1. Keep Track and Control Of All Devices One of the main reasons that data breaches occur is because an employee loses their device that holds their work-related information. Across airports in the United States, a laptop is stolen every minute and the majority of those stolen objects are never reunited with their owners. As a remote employee, it is crucial to understand that hackers, and other cybercriminals, are keeping an eye out for the opportune moment to knick a laptop or tablet in hopes it has sensitive information on it. Therefore it is critical to keep track and have control over all your devices when in public. There are multiple ways to do this including:
- Use the highest level of security to lock and unlock your devices. Touch IDs, 6-digit passcodes, and double factor authentication should be activated.
- Enable the “Find My Device” feature, so if your computer, laptop, or phone is lost then it may be easier to find if it is lost or stolen.
- Keep your phone, tablet, or computer with you at all times with no exceptions.
2. Be Careful Using Public WiFi It can be tempting to take advantage of free WiFi in cafes, restaurants, book stores, and the like; however, it is not always a safe option. Public computers and WiFi connections are easily hackable and, if cracked, hackers can gain access to all files and stored credentials you accessed while on the computer. It is better to avoid public computers and password-free WiFi connections altogether, but if you absolutely must use it then be sure to remember the following:
- Obscure the view of your screen as best as possible. In an ideal situation, you are able to have your back facing a wall and limited space to your sides.
- Do not go to any websites that store sensitive information in regards to your job. This includes usernames, passwords, client information, etc.
- Manually clear all documents you downloaded while using a public computer. This is so others cannot see what files you downloaded and access them, as well.
- Make sure that the computer is not storing any of your login credentials permanently and restart the device after you are done using it to remove temporary files.
3. Setup and Use Encrypted Email If you’re in a position that requires you to send sensitive information through email then email encryption is a must. 90% of email is sent as plain text which is not secure in any way and susceptible to spies and hackers. However, with email encryption, any information sent over email is scrambled. This way it is only able to be read when the recipient receives the email and decrypts it. If you’re working from home and it’s been approved by your employer, they should be able to install email encryption software onto your remote work technology. It will ensure that your computer, tablet, and phone are more secure and their information is safe.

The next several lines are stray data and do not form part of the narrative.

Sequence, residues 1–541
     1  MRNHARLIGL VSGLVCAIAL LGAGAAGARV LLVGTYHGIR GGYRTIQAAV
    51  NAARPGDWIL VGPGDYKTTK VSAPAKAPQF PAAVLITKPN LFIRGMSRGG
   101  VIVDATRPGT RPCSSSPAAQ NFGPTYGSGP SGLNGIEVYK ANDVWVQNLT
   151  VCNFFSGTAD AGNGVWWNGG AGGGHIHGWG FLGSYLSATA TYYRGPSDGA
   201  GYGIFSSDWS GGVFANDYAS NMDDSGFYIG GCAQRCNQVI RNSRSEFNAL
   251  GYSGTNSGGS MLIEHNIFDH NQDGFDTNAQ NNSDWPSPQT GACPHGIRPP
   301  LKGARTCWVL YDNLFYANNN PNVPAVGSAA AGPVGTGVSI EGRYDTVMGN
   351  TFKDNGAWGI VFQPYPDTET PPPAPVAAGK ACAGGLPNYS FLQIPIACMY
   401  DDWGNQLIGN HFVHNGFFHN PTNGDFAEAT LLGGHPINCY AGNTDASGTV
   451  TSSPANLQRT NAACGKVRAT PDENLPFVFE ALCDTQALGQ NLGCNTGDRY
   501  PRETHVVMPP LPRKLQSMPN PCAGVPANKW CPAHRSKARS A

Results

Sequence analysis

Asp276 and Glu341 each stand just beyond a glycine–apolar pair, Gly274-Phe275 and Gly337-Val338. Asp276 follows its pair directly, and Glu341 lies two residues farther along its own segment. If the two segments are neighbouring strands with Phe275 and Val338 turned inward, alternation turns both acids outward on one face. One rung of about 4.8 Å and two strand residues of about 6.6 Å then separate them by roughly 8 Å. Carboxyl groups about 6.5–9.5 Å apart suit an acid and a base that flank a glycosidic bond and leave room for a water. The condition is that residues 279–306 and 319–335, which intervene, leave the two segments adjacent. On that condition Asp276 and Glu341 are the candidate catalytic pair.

4. Do Not Use USBs That Have Not Been Proven Safe It’s not uncommon for remote employees to use USB drives. Whether they are needing something from the office or need to send something to the office, USB drives help. However, USB drives from unknown sources can contain malicious software. It’s important to remember to never insert an unverified USB into your remote work computer. This even includes USB drives that you may pick up at work-related events. Risking a security breach is not worth waiting to verify the USB or get the files another way (Dropbox, Google Drive, etc.) If you want to go further into safe cybersecurity practices, it’s also important to not let other users plug their USB drives into your computer. There is no way to know what is on their USB drives. They may or may not be aware of a malicious file. Even if you know the person, do not allow it.
5. If Any Issues Arise, Get Your Company’s IT Team Involved If you fear that the device you use for work has been compromised, notify your company’s IT team immediately. It is so important to be aware of what a breach looks like:
While the company’s IT team may not be able to save your computer, they need to know that data has been breached. This way they can take the necessary steps to further protect the company’s data and servers. It is best practice to tell your IT team everything you can about the breach. Try to remember when exactly it could have occurred, how, and why. There are a lot of benefits to companies having remote workers. However, concerns of a cybersecurity breach can deter executives from taking the leap. By being aware of ways to prevent cybersecurity breaches through common practices, workers can further prove remote work is safe. At Number8, we have offices in Louisville, Kentucky and Costa Rica where we employee remote workers. With the proper training, awareness, and precautions, we are able to employ remote workers without any trouble. To learn more about what we do at Number8, visit our About page. If you’re interested in learning more about Number8 and how we can help your business, contact us today.
- Increasing amounts of pop-up ads and spam while you’re browsing or using programs.
- Slowing down of the computer despite it not running a lot of programs.
- More and more error messages when trying to perform simple tasks.
- A change to your homepage, search engine, or browsing settings.